It’s been three months since our team has returned from Vietnam. As with all of Surgicorps’ trips, it was one filled with joy, and with sorrow. On screening day, the physicians walk into a room bursting with children that have cleft lips and palates, missing ears, and faces distorted from disease. There is never a shortage of dreadful and disfiguring burns; most are due to lack of proper kitchens and dangerous surroundings in rural homes. Performing life-changing surgery on people so desperately in need brings joy to everyone. Occasionally a patient must be turned away because of high risk, or because the hospital lacks the proper facilities necessary to proceed. When the doctors have to turn someone away, for any reason, there is no greater sorrow.
Surgicorps introduced a new vision program on this trip, and I was privileged to be a part of it. A team of six non-medical volunteers, spent three days at a Vision Clinic in Ho Chi Minh City, Vietnam. Hundreds of people made their way to us, many by foot, for the chance to be fitted for a simple pair of eyeglasses. Through the generous support of Dr. Larry Butler and the Global Brigade University of Pittsburgh students, 2,000 pairs of distance glasses were donated and then tediously bagged, according to strengths. This was in addition to 600 pairs of readers that we carried in huge duffle bags.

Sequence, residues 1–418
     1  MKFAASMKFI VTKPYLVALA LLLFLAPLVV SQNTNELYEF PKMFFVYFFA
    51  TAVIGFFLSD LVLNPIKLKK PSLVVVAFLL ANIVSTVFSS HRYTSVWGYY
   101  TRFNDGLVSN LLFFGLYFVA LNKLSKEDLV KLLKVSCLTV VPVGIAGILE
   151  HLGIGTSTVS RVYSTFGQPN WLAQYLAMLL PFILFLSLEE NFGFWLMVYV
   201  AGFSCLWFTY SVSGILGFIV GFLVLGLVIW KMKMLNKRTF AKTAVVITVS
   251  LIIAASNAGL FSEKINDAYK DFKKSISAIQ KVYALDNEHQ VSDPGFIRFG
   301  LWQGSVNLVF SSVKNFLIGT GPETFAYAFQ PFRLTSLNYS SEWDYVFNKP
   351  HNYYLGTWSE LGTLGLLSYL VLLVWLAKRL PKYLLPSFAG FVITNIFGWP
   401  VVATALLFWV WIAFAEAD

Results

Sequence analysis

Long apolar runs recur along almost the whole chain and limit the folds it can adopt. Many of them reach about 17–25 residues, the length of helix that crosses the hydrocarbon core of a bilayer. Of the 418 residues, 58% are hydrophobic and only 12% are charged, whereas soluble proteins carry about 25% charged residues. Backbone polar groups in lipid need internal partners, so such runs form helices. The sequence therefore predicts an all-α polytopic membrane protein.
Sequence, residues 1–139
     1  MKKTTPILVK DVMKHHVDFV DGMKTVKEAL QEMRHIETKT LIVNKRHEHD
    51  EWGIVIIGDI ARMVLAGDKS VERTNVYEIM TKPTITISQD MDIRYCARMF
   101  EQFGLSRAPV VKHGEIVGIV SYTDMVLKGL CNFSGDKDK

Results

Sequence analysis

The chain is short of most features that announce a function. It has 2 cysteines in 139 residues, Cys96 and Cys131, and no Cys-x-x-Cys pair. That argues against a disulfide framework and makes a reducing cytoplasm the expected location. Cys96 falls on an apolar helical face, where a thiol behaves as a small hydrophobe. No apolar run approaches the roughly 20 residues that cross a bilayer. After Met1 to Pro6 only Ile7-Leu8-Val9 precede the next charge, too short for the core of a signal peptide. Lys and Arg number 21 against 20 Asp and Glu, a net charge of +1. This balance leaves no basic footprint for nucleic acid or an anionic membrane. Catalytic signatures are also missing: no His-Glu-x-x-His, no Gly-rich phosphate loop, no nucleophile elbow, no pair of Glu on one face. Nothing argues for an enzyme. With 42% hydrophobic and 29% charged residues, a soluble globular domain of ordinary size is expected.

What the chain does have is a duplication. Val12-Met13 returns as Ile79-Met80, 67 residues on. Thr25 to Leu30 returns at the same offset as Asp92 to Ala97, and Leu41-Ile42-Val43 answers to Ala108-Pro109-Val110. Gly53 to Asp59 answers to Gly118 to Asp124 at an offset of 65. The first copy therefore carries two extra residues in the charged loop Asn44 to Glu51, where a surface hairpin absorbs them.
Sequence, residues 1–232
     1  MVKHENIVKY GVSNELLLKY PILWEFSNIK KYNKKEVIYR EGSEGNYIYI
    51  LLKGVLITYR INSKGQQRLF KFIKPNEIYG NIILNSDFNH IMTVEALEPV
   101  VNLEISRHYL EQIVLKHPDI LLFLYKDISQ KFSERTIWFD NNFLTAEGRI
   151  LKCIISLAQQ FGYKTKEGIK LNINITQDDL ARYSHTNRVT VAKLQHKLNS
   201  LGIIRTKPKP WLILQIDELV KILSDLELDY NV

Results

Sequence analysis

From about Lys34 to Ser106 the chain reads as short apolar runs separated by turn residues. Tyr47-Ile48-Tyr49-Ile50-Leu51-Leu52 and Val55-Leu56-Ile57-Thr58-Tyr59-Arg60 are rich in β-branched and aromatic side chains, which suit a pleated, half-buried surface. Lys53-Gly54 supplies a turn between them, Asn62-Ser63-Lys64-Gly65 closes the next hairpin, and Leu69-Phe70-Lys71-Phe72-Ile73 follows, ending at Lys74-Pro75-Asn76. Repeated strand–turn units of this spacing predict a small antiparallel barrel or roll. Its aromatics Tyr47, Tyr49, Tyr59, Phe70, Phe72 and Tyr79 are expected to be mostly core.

With Godspeed (and the help of interpreters) the six of us took a crash-course in basic optometry and learned how to refract eyes, chart the findings, and fit people with both distance and reader glasses. Not uncommon in many developing countries, most of the patients that we screened did not speak a word of English. Local students who studied at the clinic helped us to screen and direct the sea of people that waited, some for hours, in the hopes that they would see clearly again.
Many of these people had never been to an eye doctor before, or even had their vision tested. Our eyes watched in amazement, as some of them were able to read text for the first time in years, or look across a room that would suddenly come into focus. We cried with them over the sheer joy of having their eyesight improved, something that is so basic in the United States. They hugged and thanked us, as if we had performed a miracle.
With the simple gift of distance glasses, people were jubilant as they walked about the room. We learned that one woman hadn’t been able to read her beloved newspaper in over a decade. Some of the elderly were suffering from cataracts, so without surgery they couldn’t be helped in this modest setting. They graciously left with a smile and a thank you, and for them we had a table of sunglasses. No one went home empty handed, least of all, us. We flew home with smiling eyes, knowing that 775 people had renewed confidence. They were able to read again, learn again, find employment again, look at photos of their grandchildren again, or just recognize and wave to a friend across the street.